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Brainstorming on Steroids

Brainwriting is a relatively little-known technique that can vastly improve on the amount of ideas you get when running a brainstorming session. Compared to brainstorming, brainwriting has a number of advantages that should make it the preferred choice whenever you need to come up with ideas to solve a team problem. It is quicker than traditional brainstorming, can easily generate twice the number of ideas in the same time, and is preferred by more participants. Why not find out whether you shouldn't use it instead of brainstorming as well?

The Problems with Brainstorming

Although brainstorming is the number one choice of most teams when it comes to problem-solving (witness how the teams in the TV programme, "The Apprentice", invariably approach their problem-solving tasks by traditional brainstorming), there is enough research to show that it isn't the best way to create lots of ideas and lots of good ideas. The problem with brainstorming is that it is carried out in a group setting with ideas being recorded one at a time usually under the direction of one leader. This means that, firstly, ideas have to wait to be recorded and so may be forgotten or left out. Secondly, with one person directing the process, there is the possibility of personality differences that may inhibit the free flow of ideas. Thirdly, whatever the rules may say, many people in brainstorming hold back on freely expressing their ideas for fear of being judged.

So How Does Brainwriting Differ from Brainstorming?

The brainwriting technique starts in a similar way to brainstorming, ie a problem is defined and a group assembles to come up with solutions, first in large quantities and second in a qualitative listing. The key difference is that, in brainwriting, each participant thinks and records their ideas individually and anonymously and without any verbal interaction. These relatively small differences change the quantity of ideas and the dynamics of the group.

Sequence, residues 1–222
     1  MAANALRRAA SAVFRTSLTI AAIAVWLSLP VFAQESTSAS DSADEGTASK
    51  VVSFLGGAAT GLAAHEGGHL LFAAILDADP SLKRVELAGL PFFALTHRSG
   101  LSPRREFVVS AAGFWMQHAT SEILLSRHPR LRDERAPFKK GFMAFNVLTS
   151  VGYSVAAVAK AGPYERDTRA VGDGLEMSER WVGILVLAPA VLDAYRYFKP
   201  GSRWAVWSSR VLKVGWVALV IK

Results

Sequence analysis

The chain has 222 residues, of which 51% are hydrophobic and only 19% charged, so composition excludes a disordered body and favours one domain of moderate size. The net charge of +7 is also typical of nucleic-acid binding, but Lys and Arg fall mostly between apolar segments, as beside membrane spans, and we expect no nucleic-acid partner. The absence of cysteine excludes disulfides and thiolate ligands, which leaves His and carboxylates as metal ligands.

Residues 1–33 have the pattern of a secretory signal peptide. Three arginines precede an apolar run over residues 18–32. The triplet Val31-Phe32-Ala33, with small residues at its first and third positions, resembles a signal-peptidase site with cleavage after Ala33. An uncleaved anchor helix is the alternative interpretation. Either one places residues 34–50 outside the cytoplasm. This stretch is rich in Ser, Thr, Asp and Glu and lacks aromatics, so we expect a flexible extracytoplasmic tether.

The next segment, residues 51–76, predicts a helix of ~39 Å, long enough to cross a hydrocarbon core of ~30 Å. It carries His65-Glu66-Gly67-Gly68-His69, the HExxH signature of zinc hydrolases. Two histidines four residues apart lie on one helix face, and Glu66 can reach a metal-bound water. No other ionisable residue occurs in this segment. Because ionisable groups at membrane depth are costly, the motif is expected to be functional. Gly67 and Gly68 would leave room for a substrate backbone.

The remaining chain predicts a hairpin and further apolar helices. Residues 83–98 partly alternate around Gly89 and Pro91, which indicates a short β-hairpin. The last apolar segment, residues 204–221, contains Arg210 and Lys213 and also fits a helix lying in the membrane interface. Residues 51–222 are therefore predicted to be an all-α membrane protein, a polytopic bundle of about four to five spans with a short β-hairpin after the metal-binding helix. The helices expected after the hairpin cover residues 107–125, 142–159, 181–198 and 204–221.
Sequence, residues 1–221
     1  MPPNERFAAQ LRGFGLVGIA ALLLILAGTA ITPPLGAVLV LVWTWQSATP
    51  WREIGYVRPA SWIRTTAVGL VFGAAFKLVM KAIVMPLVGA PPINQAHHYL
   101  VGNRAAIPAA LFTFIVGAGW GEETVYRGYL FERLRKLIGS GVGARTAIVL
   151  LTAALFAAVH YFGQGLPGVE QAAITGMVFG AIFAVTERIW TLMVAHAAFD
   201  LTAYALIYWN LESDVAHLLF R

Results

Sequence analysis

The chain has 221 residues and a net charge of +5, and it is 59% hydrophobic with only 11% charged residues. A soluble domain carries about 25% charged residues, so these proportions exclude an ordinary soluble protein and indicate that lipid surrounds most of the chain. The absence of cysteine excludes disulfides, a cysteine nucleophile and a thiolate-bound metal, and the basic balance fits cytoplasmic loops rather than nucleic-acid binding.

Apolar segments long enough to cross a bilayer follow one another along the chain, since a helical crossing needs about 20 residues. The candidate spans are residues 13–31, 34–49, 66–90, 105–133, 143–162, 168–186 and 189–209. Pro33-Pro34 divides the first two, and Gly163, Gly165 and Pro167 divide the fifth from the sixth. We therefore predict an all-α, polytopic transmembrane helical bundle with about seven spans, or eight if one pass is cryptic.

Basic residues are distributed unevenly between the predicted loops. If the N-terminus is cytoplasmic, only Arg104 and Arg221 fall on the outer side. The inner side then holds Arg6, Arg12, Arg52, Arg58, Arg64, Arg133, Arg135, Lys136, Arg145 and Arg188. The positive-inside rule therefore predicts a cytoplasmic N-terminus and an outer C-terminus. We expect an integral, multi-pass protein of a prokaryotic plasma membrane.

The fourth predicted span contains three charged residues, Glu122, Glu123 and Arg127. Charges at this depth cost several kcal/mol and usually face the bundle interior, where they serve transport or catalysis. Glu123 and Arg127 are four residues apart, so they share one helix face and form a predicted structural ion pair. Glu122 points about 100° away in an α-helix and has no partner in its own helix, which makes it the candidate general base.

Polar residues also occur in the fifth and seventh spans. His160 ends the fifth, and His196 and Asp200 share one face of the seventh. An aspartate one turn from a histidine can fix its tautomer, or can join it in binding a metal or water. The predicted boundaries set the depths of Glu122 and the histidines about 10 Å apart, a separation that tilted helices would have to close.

Here's How to Run a Brainwriting Session

1. Get everyone to sit in a group around a table. Hand them a sheet of paper (or download the template at the web address below). Ask them to write down the defined problem at the top and then draw 3 columns down the page. Select a rounds timer. Note: nobody is to write their names on the sheet.

2. Now tell everyone to write 3 solutions to the problem in each of the 3 columns. They should write freely without editing the ideas. As nobody will know who is writing down the ideas, there is no comeback. Do not allow any discussion.

3. After 3 minutes, move on to round two. Collect the papers, shuffle them and hand them randomly back. Anyone getting their previous paper changes with someone else. Now ask everyone to jot down 3 more ideas under the existing row. They can build on the first 3 ideas or think of something totally new.

4. Continue for as many rounds as people want. (After round one, it doesn't matter if people get a paper that they've already written on).

5. When all rounds are finished, collect the papers, and transfer all the ideas onto a whiteboard or flipchart for everyone to see. You can now begin the process of evaluation and selection of a solution.

So, how do these changes improve creativity?

These few simple changes can significantly increase the number of ideas generated in a brainwriting session. A group of 5 can easily produce over 100 ideas in 20 minutes. What's more, everyone gets exposed to lots of ideas and has the chance to think about them without being interrupted or directed by a group leader. And because it is anonymous, nobody is held responsible for ideas, or judged on their quality.

Related Slides

Find related slides on Group Thinking in the Slide Topics section.